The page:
Politics and economics

Carmen M Reinhart, Christoph Trebesch, 21 October 2014

To work towards resolving Europe’s ongoing debt crisis this column looks to the past. From the recent emerging market debt crisis (1980s-2000s) and the interwar episode of the 1920s-1930s we learn that debt write-downs and defaults are able to be postponed but not prevented. Punishment for default is temporary, sometimes followed by a renewed surge in borrowing that leads to another crisis.

David Chambers, Elroy Dimson, 20 October 2014

Yale University has generated annual returns of 13.9% over the last 20 years on its endowment – well in excess of the 9.2% average return on US university endowments. Keynes’ writings were a considerable influence on the investment philosophy of David Swensen, Yale’s CIO. This column traces how Keynes’ experiences managing his Cambridge college endowment influenced his ideas, and sheds light on how some of the lessons he learnt are still relevant to endowments and foundations today.

Zheng Song, Kjetil Storesletten, Fabrizio Zilibotti, Yikai Wang, 19 October 2014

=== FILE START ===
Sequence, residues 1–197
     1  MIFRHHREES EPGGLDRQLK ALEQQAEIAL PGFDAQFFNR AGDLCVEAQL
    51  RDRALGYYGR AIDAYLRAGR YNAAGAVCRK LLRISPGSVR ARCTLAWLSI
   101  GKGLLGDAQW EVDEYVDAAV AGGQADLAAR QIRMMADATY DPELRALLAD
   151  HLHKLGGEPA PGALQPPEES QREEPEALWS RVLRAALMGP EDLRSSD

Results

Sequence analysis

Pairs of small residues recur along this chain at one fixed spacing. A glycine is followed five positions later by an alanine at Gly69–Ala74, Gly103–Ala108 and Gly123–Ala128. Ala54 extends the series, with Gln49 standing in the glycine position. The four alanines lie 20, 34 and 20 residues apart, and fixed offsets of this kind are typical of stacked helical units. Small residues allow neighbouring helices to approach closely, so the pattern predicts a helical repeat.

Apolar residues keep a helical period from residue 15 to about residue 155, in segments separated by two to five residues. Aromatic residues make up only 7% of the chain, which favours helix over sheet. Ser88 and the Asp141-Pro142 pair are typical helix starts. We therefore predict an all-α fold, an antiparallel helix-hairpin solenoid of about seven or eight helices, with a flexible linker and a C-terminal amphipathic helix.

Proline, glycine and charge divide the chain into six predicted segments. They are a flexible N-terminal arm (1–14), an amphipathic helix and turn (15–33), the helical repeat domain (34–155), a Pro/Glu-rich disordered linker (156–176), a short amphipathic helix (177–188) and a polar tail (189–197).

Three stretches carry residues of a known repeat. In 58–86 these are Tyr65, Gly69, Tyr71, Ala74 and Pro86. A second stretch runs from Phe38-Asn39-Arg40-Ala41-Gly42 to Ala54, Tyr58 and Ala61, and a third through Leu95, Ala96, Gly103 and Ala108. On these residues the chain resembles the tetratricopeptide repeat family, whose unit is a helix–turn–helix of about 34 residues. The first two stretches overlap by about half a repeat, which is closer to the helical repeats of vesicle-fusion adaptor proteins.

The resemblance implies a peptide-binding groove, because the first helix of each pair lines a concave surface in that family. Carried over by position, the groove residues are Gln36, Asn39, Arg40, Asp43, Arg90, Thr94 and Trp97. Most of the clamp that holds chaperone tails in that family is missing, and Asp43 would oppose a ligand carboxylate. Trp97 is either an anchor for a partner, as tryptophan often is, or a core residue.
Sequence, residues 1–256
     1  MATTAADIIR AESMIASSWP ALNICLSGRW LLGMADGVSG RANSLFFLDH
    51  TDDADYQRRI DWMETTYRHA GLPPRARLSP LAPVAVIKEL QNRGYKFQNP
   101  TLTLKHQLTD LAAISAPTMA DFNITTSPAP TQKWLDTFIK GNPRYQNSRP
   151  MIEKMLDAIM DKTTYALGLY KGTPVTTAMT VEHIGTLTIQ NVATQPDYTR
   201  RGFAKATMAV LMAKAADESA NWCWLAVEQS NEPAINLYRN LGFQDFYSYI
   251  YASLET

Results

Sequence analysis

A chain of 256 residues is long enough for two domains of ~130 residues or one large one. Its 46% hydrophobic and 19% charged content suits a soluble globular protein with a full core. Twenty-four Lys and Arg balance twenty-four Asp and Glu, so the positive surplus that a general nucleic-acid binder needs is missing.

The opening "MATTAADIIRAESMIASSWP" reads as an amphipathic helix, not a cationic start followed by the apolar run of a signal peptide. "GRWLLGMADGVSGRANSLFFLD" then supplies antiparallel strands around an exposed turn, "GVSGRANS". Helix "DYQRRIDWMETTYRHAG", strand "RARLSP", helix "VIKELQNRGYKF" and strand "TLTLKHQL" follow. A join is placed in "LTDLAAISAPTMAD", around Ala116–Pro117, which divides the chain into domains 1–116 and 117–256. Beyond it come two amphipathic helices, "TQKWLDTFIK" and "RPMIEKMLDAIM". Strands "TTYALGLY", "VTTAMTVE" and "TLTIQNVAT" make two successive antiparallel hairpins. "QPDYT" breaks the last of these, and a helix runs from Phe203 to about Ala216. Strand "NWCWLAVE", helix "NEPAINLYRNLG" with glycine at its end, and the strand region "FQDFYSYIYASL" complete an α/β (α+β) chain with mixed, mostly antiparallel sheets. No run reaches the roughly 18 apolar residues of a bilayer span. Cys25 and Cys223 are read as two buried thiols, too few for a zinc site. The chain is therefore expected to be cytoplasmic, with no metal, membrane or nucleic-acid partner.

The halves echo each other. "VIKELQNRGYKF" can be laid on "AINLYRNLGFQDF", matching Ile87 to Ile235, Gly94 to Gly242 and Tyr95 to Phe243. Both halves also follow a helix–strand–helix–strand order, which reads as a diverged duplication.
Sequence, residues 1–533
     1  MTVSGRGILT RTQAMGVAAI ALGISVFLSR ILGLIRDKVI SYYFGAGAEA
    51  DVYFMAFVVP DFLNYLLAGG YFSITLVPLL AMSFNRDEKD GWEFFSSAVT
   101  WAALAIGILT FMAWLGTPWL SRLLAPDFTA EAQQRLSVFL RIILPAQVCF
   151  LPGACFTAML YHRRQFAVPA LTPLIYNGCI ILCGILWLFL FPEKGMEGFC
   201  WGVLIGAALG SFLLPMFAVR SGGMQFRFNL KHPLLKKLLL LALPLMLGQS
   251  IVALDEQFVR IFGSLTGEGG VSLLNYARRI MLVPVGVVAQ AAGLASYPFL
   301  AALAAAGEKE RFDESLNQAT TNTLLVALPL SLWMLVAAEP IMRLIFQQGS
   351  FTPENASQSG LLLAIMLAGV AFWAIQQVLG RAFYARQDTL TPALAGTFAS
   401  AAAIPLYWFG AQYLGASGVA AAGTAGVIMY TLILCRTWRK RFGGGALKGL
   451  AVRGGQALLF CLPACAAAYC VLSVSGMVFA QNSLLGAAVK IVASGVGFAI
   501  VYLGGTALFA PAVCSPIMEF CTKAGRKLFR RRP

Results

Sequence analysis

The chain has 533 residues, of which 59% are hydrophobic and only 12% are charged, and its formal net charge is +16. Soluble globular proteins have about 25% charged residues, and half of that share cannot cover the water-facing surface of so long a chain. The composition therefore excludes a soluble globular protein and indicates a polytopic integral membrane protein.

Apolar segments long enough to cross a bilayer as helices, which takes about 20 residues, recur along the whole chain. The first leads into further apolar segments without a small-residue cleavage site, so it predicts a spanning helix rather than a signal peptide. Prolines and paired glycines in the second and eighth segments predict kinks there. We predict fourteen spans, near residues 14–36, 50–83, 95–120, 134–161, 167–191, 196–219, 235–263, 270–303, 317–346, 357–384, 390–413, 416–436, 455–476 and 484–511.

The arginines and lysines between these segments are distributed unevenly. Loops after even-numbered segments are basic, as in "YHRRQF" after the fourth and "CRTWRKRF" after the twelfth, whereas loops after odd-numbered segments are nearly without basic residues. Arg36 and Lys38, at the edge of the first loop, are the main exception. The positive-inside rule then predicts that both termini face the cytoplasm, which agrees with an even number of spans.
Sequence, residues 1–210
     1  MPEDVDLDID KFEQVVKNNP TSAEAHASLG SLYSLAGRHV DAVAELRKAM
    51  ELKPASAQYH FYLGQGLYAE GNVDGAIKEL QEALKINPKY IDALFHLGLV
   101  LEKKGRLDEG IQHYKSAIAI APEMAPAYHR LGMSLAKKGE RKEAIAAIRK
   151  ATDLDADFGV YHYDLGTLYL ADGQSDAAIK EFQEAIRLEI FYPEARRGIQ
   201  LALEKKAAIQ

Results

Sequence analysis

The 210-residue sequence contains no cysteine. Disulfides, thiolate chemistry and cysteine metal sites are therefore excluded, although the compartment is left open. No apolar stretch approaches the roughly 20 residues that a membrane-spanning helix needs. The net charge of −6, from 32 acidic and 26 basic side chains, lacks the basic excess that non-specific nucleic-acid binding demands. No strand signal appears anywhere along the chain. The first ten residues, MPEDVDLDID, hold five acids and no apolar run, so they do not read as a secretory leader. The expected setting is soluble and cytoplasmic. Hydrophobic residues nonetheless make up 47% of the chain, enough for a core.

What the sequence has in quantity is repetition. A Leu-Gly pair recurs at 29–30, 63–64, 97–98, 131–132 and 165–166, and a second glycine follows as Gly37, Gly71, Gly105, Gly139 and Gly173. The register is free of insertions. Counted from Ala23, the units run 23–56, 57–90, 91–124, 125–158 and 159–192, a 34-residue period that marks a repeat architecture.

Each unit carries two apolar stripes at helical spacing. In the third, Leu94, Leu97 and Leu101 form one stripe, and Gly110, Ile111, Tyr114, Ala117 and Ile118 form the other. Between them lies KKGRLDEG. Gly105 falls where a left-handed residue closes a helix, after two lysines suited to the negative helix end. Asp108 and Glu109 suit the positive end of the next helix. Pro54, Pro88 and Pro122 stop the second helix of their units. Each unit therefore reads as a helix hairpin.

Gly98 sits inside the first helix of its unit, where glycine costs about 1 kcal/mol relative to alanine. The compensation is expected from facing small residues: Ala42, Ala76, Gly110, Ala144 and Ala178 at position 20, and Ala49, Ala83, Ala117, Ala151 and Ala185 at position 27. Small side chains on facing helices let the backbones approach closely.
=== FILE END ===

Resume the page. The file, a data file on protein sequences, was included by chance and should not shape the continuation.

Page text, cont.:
The design of the pension system is a hot policy issue in China, given its fast-ageing population. This column discusses how different pension systems could allow different generations to share the benefits of high growth. The authors argue that a reform of the current system is necessary to achieve financial sustainability. However, delaying its implementation is advisable on the grounds of its effect on income inequality.

Lucian Cernat, 18 October 2014

Recent findings suggest that a small proportion of EU firms accounts for a disproportionate share of aggregate exports. This column argues, however, that a large number of EU exporting firms are small and medium enterprises (SMEs) and they have a non-negligible part in EU exports. Identifying the trade barriers SMEs face should, therefore, be among the EU trade priorities.

Christian Thimann, 17 October 2014

Having completed the regulatory framework for systemically important banks, the Financial Stability Board is turning to insurance companies. The emerging framework for insurers closely resembles that for banks, culminating in the design and calibration of capital surcharges. This column argues that the contrasting business models and balance sheet structures of insurers and banks – and the different roles of capital, leverage, and risk absorption in the two sectors – mean that the banking model of capital cannot be applied to insurance. Tools other than capital surcharges may be more appropriate to address possible concerns of systemic risk. 

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